For the Earl Grey lavender milk (prep one day before baking)
- 2 tea bags of Earl Grey tea
- 1/2 cup whole milk
- 1 Tbs dried lavender
For the Earl Grey lavender buttermilk (prep one to two hours before baking)
- 1/2Tbs white vinegar or lemon juice
For the Earl Grey lavender tea
- 1 tea bag of Earl Grey tea
- 1/2 Tbs dried lavender
- 1/2 cup hot water
For the cake
- 11/2 cups plain flour
- 3/4 tsp salt
- 1/4 tsp baking powder
- 1/4 tsp baking soda
- 115g unsalted butter
- 3/4 cup sugar
- 3 eggs
For the Earl Grey lavender glaze
- 1/2 cup icing sugar
- Lavender flowers for garnish
For the Earl Grey lavender milk: Cut open the tea bags and pour the contents into an airtight jar. Add the whole milk and dried lavender, cover and refrigerate overnight.
For the Earl Grey lavender buttermilk: Add 1/2 tablespoon of white vinegar or lemon juice to the milk mixture from step 1. Leave to curdle in the refrigerator for no more than two to three hours.
For the Earl Grey lavender tea: Cut open the tea bag and pour the contents into a bowl. Add the dried lavender and pour in the hot water. Leave to cool.
When ready to bake: Preheat oven to 175 deg C.
In a small bowl, strain the Earl Grey buttermilk mixture from step 2 through a sieve. Do the same with the Earl Grey lavender tea from step 3. Then, combine 90ml of the buttermilk mixture with two tablespoons of the Earl Grey lavender tea. Set aside.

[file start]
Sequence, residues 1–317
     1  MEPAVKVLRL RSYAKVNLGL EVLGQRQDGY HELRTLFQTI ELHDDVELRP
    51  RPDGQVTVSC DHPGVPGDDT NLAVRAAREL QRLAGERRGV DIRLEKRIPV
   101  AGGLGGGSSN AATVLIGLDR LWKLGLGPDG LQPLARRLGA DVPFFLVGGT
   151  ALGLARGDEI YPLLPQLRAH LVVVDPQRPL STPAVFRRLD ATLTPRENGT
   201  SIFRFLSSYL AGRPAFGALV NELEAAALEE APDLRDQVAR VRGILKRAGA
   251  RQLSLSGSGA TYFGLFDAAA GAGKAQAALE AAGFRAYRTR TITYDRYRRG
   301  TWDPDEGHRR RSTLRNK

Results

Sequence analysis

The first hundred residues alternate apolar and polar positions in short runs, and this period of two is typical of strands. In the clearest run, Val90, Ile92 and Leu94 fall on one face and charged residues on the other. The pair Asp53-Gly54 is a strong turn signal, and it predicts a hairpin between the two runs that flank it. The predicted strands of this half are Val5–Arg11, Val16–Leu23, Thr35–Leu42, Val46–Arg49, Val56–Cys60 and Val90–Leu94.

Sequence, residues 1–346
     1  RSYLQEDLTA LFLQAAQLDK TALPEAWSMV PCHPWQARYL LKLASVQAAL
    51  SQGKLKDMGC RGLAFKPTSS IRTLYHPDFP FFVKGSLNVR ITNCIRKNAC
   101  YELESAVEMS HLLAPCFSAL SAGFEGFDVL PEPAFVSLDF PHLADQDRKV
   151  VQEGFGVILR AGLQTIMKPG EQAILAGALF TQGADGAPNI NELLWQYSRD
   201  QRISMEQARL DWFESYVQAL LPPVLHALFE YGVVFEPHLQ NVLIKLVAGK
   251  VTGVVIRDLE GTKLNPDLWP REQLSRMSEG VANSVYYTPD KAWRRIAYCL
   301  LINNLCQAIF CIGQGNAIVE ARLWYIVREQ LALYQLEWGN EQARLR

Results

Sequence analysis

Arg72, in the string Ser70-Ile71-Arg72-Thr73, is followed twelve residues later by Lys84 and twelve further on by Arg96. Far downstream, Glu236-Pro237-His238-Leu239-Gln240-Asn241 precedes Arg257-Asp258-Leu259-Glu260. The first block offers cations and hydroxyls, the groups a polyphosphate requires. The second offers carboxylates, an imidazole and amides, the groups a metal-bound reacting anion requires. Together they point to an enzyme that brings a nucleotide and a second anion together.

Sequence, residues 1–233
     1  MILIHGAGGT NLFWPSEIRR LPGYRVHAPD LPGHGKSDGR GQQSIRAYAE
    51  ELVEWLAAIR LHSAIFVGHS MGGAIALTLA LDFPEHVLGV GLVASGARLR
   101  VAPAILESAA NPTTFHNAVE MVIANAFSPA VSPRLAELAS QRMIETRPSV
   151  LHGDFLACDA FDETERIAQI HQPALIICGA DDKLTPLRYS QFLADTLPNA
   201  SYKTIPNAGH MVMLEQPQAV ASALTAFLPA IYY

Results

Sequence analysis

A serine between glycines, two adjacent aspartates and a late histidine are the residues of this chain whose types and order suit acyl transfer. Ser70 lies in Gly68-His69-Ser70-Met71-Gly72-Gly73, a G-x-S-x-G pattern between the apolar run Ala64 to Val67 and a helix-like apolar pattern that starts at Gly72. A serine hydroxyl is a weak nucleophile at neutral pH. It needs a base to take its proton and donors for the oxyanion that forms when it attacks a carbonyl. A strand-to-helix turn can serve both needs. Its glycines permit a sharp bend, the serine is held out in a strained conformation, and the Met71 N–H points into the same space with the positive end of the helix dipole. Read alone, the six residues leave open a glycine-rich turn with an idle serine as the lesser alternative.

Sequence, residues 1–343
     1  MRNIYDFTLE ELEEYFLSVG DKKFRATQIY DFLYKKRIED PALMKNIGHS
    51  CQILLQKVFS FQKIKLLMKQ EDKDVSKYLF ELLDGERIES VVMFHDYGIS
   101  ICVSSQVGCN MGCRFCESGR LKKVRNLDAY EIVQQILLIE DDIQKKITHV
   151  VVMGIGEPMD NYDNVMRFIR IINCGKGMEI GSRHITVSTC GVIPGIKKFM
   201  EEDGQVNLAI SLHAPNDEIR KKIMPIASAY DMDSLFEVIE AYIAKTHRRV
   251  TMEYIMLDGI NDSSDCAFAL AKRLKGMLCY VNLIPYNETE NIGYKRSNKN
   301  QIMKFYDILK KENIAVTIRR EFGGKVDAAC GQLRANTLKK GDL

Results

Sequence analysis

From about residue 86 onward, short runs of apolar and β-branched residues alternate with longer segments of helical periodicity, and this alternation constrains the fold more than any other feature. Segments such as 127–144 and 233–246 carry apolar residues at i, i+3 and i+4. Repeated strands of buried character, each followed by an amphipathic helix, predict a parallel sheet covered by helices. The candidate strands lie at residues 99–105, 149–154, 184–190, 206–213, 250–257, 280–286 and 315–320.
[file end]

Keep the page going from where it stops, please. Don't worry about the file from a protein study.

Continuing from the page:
In a separate medium bowl, sift the flour, salt, baking powder and baking soda. Whisk the ingredients to combine.
Using an electric mixer, cream butter and sugar on medium speed for a few minutes until light and fluffy. It should be a very pale yellow.
Add eggs, one at a time, and continue to mix until incorporated.
Turn the mixer to low speed and add the flour mixture from step 6 in three parts, alternating with the Earl Grey mixture from step 5.
Grease a mini loaf pan tray (each loaf is 8cm in length) with butter and dust with flour. You can also use a muffin tray or make one cake in a 9-inch loaf tin.
Scoop batter into each mini loaf tin and lightly tap the tin on the table to remove any air pockets inside the batter.
Bake for about 30 minutes, or until a skewer inserted comes out clean. Muffins would require the same timing, while a 9-inch pound cake will take about 50 minutes to one hour.
Allow to cool in the pan before turning out the cakes onto a wire rack. Let the cakes cool completely before glazing.
For the glaze: Whisk the icing sugar and one to two tablespoons of the remaining Earl Grey lavender tea from step 3 in a bowl until you get a smooth paste-like texture.
Place the cakes on a wire rack over a baking sheet or tray. Spoon glaze over the cakes, letting it run down the sides.
Garnish with dried lavender flowers. The cakes can be kept in the refrigerator for one to two weeks. To serve, just re-heat in the microwave for 20 to 30 seconds.
Makes 8 mini loaf cakes, 12 muffins or a 9-inch pound cake
Source: The Straits Times © Singapore Press Holdings Limited. Reproduced with permission.